Deciphering report cards calls for parent-teacher conferences


November 12, 1993|By LOURDES SULLIVAN

Uh-oh! It's report card time! All those bright, eager faces turn solemn this week in anticipation of those ratings sheets.

Poor little ones! Not that there's so much to worry about. After all, what does a mark of "2" in the category "participates in social studies activities" really mean? I think the elementary grade report cards are deliberately obscure to confound parents.

As a result, we'll go to the parent-teacher conferences to find out how the kids really are doing. Maybe that's the reason for the confusing report cards: It's a way for the teachers to get the parents to come in.

I once knew a pharmacist who did something like this. He'd let a family run a tab during flu season. When the bill got over $50, without a payment, he'd send the patients a bill for $150.

The outraged patient would come storming in, saying, "I don't owe you $150."

The pharmacist would look at the bill, call it a clerical error -- and say, "Look, since you're here, how about squaring up? It'll save you a trip later."

The patient, flush with his victory over the billing error, would agree, and the pharmacist would get his money.

FYI: All next week, elementary schools will dismiss their students two hours early, for the parent-teacher conferences. Keep an eye out for children playing on the roads in the early afternoon.


Sign-ups begin at 10 a.m. today at the Savage Branch of the Howard County Library for "Pine Cones and Polliwogs," a 90-minute nature story and craft session for 6- to 9-year-olds.

The activity is scheduled for Nov. 20 from 10:30 a.m. to noon.

Library Grandparent Wauneta Wine will show kids how to make bird feeders and other items from natural materials. She has filled the display case with some of her handiwork, including milkweed pod candle holders, pine cone earrings and a walnut mouse.

Ms. Wine is a nature photographer and author. One of her books, "Gardens for All Seasons," describes the public gardens and arboretums in Maryland. Check it out sometime. The library owns several copies.

Call the library at 880-5978 for details and registration. With the holidays coming so fast, I can think of many things to do for 1 1/2 hours without kids dogging my footsteps in the mall.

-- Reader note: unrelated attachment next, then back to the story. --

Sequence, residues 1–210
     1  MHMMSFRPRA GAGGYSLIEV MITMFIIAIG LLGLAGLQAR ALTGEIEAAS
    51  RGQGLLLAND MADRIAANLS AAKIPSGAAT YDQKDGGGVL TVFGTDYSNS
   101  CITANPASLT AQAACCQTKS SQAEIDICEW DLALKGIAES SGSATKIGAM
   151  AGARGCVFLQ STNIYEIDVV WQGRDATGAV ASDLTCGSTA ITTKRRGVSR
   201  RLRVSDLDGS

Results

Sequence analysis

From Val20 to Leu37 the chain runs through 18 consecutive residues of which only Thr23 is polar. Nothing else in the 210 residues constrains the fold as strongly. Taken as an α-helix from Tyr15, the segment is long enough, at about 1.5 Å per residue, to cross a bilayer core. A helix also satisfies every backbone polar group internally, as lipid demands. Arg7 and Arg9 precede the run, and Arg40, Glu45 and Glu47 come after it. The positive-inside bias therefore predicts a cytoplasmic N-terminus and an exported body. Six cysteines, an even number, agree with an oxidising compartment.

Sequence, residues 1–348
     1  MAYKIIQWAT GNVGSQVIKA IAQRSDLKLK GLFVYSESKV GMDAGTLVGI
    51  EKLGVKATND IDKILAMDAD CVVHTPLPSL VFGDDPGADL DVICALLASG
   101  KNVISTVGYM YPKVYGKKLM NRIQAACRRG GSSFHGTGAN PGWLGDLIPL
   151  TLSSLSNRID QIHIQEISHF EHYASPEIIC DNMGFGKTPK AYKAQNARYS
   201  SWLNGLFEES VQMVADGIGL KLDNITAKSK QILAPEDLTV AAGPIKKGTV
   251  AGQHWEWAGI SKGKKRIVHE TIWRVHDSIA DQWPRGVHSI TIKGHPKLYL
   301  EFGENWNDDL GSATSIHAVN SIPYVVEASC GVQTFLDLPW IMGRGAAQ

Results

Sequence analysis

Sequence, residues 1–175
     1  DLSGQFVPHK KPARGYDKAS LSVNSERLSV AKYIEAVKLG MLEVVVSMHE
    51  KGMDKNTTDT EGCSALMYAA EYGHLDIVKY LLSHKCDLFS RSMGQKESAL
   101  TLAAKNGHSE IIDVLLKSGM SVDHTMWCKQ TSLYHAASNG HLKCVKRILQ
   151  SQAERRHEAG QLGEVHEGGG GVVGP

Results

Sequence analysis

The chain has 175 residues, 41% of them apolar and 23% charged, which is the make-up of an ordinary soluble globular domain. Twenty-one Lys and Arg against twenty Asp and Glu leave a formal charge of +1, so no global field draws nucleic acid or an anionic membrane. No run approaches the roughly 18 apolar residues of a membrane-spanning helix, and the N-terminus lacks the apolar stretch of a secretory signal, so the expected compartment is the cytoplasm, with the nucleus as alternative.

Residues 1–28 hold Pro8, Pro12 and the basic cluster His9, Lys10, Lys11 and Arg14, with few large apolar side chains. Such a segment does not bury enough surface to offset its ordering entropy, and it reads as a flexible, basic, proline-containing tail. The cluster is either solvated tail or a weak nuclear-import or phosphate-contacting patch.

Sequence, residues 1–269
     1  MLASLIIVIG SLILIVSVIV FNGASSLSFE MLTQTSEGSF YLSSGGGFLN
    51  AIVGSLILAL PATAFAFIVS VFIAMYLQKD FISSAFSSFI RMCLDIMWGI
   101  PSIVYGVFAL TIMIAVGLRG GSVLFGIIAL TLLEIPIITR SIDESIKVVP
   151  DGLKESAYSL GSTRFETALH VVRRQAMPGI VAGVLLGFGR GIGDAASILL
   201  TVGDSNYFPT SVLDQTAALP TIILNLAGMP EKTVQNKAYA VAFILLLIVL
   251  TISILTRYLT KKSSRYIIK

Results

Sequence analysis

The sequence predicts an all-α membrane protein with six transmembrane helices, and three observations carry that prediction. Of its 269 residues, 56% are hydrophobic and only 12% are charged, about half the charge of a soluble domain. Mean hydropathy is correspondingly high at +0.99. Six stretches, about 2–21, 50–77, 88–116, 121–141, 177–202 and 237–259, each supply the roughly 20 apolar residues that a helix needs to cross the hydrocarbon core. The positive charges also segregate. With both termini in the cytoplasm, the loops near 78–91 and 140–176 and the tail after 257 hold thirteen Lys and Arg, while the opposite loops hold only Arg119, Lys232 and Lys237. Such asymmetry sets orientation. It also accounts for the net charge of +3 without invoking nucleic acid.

Roberta Laric, the art teacher at Forest Ridge Elementary, has again used the art work of her students to brighten the drab wall at the Savage Library.

Stop by to see the works of young artists Salmah Rizvi, Kristen Oleszewski, David Rocco, Andrew Crimado, Brian Barresi, Steven Eddy, Mary Cox, Brandon Baker and Marsha Turner, all first graders.

The second-grade artists represented are Rachael Murphy-Ryan, Caitlin Abram, Aditi Kolhekar, Ketelyn Mauriello, Sachi Gross, Dionna Harris and Ally Spector. Thank you for brightening the gray-brown "never-show-dirt" walls.


St. Mary of the Mills Catholic Church in Laurel, along with Palloti High School and Palloti Convents, again will operate a shelter for homeless men during the Christmas season this year.

Winterhaven III will shelter and feed 15 to 20 men referred by social service organizations in Laurel.

Of course, the church is still looking for volunteers to help the staff clean up, do laundry and supply transportation. The Ladies of Charity, a church group, are providing the meals. There's a sign-up board in the vestibule of the church, or call Barb Shea at 490-6715.

The church's address is 114 St. Mary's Place, Laurel.


There's a Christmas bazaar this weekend at Resurrection of Our Lord Church on Brock Bridge Road in Laurel. Come tomorrow or Sunday from 1 p.m. to 5 p.m. for great food, games, crafts and prizes.


Laurel Woods played host for the the disAbility program last week. This program brings people with handicaps and disabilities to schools so that kids can see what it's like to have difficulties, and see the handicapped as real, three-dimensional people.

According to Judy Rice, a resource teacher at the school, there was some competition to see which fifth graders would be escorts. Evan Alexander, Talisha Trammell, Rebecca Lush, Joel McDaniel, Jennifer Adams, Danny Sasber were among those chosen. Melanie Atkins, Lance Binning, Jamie Bowley, Jamie Johns, Mark Carbone, Nwora Nwokolo Alexis Arnold, Elizabeth Brown, Styves Exantus, Amanda Faudale, Missy Foster, Bil

ly Olewnicki, Vidhi Misra, Corrine Lukacsina, Billie Woods, Tyler Dudley, Eric Weber and Jason Adams also were chosen as escorts.


Many organizations, schools and churches in town are gathering food items for the homeless and for shelters this month. As you shop for your own pantry and for holiday meals, why not keep an eye out for sale items that might fill someone else's larder?

Among the items most requested are disposable diapers; canned goods, especially meats; bagged pasta and rice. If it's on sale, think about picking it up for the food drive. While you're at it, give the receipt to your local school for computers. Double the value of your gift, at no extra cost.

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